“I sent out some extracts to management companies and record labels. I received a response almost immediately from Intromental and a deal was signed with them. After a few days with them, we signed for Scarlet Records. Right after the record was released, it was really well received from the press. We got an offer for a European tour with Redemption and then we went to America for Progpower USA. So it went from the band almost splitting, to touring and playing on an international level.”
“Two years later, we wrote and recorded ‘In Crescendo’. This was a bit of a struggle to write”, Diego offers a little surprisingly, “because for the first time, we had a kind of fan base waiting for something. This was new for me. I didn’t want to repeat ‘Phlegethon’ but at the same time, I felt the pressure of the great response to that record. I was searching for something fresh but that still sounded like us.”
“When I approach writing a new record, I write really weird stuff. It won’t go on the record, but it’s me trying to find something new and fresh. It worked out well I think because I love ‘In Crescendo’. I love the production because it is very detailed but powerful at the same time. Sometimes, if you try to create a powerful production, you lose some of the details in a wall of sound. But I like the mix between the power and the clarity. I also love the melancholic vibe of some of the songs. Following on from this record, we did our first headline European tour and toured the USA with Pain Of Salvation. It has been a busy period.”
My attempts to discuss the differences between ‘Phlegethon’ and ‘In Crescendo’ come across as a little hopeless. Fortunately, Diego is more than happy to step in and prevent further floundering on my part.
“Phlegethon’ is more classic-metal sounding than ‘In Crescendo’. Probably the heaviest stuff on ‘In Crescendo’ is heavier than on ‘Phlegethon’ but there is also more atmosphere and more space within the music on ‘In Crescendo’. On ‘In Crescendo’, the arrangements are better I think and they are more layered, more atmospheric. ‘Phlegethon’ maintains a bit of our classic metal past but ‘In Crescendo’ is the natural progression from that, I believe.”
And with that, we reach the present. I’m dying to find out more about the upcoming album that’s in the pipeline for a 2015 release on Sensory Records and waste no time in asking about the as-yet unnamed work.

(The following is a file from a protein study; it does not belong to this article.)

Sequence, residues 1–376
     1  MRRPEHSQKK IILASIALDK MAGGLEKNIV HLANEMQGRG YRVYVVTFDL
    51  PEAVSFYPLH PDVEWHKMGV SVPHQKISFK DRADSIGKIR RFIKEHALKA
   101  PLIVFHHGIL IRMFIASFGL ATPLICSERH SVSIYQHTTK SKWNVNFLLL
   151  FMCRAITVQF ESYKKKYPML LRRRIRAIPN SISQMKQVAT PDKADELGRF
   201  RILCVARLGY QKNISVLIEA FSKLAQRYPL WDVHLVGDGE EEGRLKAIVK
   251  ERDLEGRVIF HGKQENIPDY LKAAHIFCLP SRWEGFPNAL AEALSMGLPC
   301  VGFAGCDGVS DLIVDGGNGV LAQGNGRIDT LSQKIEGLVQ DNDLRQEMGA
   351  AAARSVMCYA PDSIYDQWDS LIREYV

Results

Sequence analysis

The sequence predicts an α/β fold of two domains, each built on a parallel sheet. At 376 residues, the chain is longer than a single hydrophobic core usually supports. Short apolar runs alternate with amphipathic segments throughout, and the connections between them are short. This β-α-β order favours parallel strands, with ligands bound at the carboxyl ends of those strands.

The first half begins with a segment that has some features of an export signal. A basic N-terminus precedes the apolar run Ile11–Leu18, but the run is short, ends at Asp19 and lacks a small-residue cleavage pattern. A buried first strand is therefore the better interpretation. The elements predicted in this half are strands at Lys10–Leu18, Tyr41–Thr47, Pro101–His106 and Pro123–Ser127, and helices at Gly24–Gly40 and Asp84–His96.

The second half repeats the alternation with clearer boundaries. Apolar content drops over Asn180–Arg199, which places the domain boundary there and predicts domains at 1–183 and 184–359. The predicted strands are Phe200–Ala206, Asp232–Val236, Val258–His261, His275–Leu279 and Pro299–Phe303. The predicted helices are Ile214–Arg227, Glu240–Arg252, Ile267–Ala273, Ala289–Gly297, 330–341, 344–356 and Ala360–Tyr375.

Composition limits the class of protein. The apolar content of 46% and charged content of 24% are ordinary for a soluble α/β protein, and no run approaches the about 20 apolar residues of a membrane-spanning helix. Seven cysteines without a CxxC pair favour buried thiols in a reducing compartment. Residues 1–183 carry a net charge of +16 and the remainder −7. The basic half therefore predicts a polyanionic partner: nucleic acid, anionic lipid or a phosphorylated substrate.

“We are actually finishing our recording so I have a good idea of how it will sound”, Diego begins mischievously before qualifying this tantalising statement. “I think it is darker, but it has a bit of both ‘Phlegethon’ and ‘In Crescendo’ in it, plus a lot more. Honestly, I think it’s a big record and there’s a lot going on within the songs. Every song has a unique sonic word and it has something different about it. A friend described it as ‘new Kingcrow’ – you can recognise the band immediately, but there is something new going on.”
“Probably because I wrote most of the record at night”, Diego playfully responds when I question him in more detail about the darker vibe to the upcoming record. “But seriously, it wasn’t a struggle to write; it was a very natural process. You’ll find everything that people think is our trademark sound; the Spanish guitars, the crunchy riffs, the atmospheres. These things will always be there I think.”
“It’s a bit more proggy than ‘In Crescendo’, Diego continues. “The focus on ‘In Crescendo’ was the search for beauty. I avoided weirdness or quirkiness in the search for pure beauty as my reference point was ‘Dark Side Of The Moon’. This time, we have some of the quirkiness back and to me, the new album will be a sonic adventure. You remember these words and you can tell me whether I am right or wrong. Don’t expect something impossible to listen to or really complicated because we try to make complex things sound simple to the listener and to make complexity subtle.”
On that note, I return to the topic of the song writing, asking Diego to expand upon his creative process with Kingcrow.”
“I can play a bit of every instrument and because I have a studio, I have all the instruments there. I usually write at night and it’s like you have a certain mood then. I tend to write when I feel moody and try to capture music that fits the mood that I’m feeling in the moment. I have no rules about song writing; it just has to be in tune with what I am feeling.”
On a final note, I ask Diego about the band’s plans for touring in the New Year. Whilst it’s unlikely that UK fans such as myself will see Kingcrow on these shores, many fans across mainland Europe will be treated to a live show.
“There are plans right now to go on tour in March. I don’t know exactly when we will finish the recording, so I’m not sure how much time we will get to rehearse. But we will hope to play four or five new songs in the set, including the single, ‘The Moth’.”
Trust me dear readers – if you like quality melodic progressive metal, then Kingcrow are a name with which you need to familiarise yourselves as soon as is humanly possible.
Check out my other interviews here: